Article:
The Great Beauty filmmaker delivers a funny and moving drama about a Naples teen whose life is saved by Diego Maradona
Paolo Sorrentino wasn’t quite in need of a comeback, but The Hand of God feels like one nonetheless. The Italian director, who won an Oscar and global acclaim for his Fellini-inspired The Great Beauty eight years ago, hasn’t quite been on top form since: 2015’s Youth was a moderate success and Berlusconi satire Loro was a critical disappointment outside Italy.
So when Netflix came knocking, Sorrentino set to work on his most personal film yet. A sprawling ensemble piece about impoverished Naples during the 1980s and an intimate coming-of-age film about Sorrentino’s profoundly challenging adolescence, The Hand of God is certainly his best film in almost a decade.
A 130-minute epic with enough beginnings and endings for three films, Sorrentino’s latest certainly takes its time to get going. We start on Patrizia (Luisa Ranieri), a beleaguered woman searching for a way out of an abusive relationship. When her domestic suffering becomes too much, she calls sister Maria (Teresa Saponangelo), who swiftly turns up with husband Savelio (Tony Servillo, of course) and their youngest son Fabietto (Filippo Scotti). Fabietto is Sorrentino’s proxy, and ours. After the writer-director spends 45 minutes or so setting the elaborate scene of eighties Naples, Fabietto’s perspective predominates.
Sorrentino introduces the social scene of his youth with care and humour. That eccentric bunch includes Fabietto’s stunted big brother Marchino (Marlon Joubert), a cancer-suffering former police officer and pastry chef, and an aunt known as “the meanest woman in southern Italy” – accurately. Sequences involving the entire ensemble are electric.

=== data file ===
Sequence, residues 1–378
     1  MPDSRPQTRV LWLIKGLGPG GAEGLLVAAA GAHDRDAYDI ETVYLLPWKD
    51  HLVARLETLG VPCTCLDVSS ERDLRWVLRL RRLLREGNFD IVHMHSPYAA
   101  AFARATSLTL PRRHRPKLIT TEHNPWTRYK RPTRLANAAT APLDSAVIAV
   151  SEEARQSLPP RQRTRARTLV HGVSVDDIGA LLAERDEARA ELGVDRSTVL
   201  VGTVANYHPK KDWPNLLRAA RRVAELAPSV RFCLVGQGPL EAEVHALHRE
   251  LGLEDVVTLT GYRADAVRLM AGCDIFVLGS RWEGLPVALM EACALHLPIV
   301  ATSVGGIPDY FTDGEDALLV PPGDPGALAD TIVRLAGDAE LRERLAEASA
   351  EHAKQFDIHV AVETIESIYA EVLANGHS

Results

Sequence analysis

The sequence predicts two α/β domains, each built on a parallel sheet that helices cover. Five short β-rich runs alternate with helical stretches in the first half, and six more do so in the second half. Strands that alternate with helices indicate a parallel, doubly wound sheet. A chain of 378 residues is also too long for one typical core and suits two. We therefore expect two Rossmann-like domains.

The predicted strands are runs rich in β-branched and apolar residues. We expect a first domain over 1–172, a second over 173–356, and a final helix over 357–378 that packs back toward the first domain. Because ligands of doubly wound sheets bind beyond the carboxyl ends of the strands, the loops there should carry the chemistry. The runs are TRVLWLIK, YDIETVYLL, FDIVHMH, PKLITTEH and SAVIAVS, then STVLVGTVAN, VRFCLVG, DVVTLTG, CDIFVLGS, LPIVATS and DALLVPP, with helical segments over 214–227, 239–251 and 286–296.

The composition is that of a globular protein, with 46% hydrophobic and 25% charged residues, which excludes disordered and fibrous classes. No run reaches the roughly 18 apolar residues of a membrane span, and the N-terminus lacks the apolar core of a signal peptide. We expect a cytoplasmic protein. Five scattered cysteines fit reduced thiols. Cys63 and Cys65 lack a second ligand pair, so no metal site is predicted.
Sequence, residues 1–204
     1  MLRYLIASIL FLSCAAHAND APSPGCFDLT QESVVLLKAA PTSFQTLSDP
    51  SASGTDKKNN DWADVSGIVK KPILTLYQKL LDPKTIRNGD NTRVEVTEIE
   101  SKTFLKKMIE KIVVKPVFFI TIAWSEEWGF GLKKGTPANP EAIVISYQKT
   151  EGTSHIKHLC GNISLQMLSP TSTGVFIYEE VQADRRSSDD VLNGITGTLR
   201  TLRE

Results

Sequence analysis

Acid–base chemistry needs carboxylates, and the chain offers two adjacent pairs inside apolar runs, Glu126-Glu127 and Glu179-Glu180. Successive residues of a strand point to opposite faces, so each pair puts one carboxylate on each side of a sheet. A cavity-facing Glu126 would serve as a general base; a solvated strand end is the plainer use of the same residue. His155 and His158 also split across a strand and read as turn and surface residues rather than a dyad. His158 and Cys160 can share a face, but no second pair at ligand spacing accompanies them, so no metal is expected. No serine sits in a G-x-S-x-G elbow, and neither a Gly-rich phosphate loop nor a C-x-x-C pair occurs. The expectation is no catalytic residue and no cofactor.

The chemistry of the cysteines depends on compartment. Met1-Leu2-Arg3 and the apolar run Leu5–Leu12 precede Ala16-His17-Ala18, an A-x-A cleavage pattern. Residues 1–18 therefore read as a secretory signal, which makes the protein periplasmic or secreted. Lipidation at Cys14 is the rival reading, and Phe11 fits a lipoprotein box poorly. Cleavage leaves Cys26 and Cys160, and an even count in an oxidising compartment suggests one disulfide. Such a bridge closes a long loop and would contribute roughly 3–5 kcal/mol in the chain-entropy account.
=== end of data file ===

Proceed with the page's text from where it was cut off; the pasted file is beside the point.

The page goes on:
But events never quite revolve around adolescent Fabietto. Still unsure of his identity and unable to assert his independence, the handsome teen with an array of unrealistically gorgeous shirts is a side character in his own movie. Yet when a traumatic accident changes his family formula forever – the same tragedy which really happened to Sorrentino – little Fabietto must mature rapidly. Fabio is born.
The Hand of God isn’t a depressing or even a particularly sad film, despite a series of unfortunate events to which Fabietto is a powerless witness. Sorrentino’s decision to keep things light is a canny one: the emotional immaturity of The Hand of God, in large parts, reflects Fabietto’s own. The same applies to their evangelical faith in Maradona, who Sorrentino declares even before the opening credits as “the greatest football player of all time.” Whether or not he’s right – smart money says he isn’t – the intensity of Fabietto and Sorrentino’s conviction that Diego is the greatest fuels the distinct Neapolitan identity on which The Hand of God is built.
It certainly isn’t built on much else. Sorrentino’s visual influences have always been hard to place and it's no different here. What does define his style, however, is a substantial (possibly excessive) commitment to the human face. At one point Aunt Patrizia shows Fabietto a wonderful view, explaining how moved she is and what Fabietto ought to focus on. We don’t even see it. No matter. The Hand of God, we’re keenly reminded, is about the people and not too much else. And what a crowd. Servillo is expectedly wonderful as Fabietto’s unlikely role model father, while Saponangelo gets the meatier role of a maternal icon with a sick sense of humour.
As far as the Fellini influences go, the seminal Italian’s own coming-of-age film about teens on the periphery, I Vitelloni, seems the most relevant. Not that this matters either. The Hand of God may have some lofty ideas about the importance of inspiration and the role of the divine, but, like in Fellini’s best works, the clues are always in the faces.
The Hand of God was screened as part of the Venice Film Festival 2021. It will be released on Netflix on 24 November.Where to watch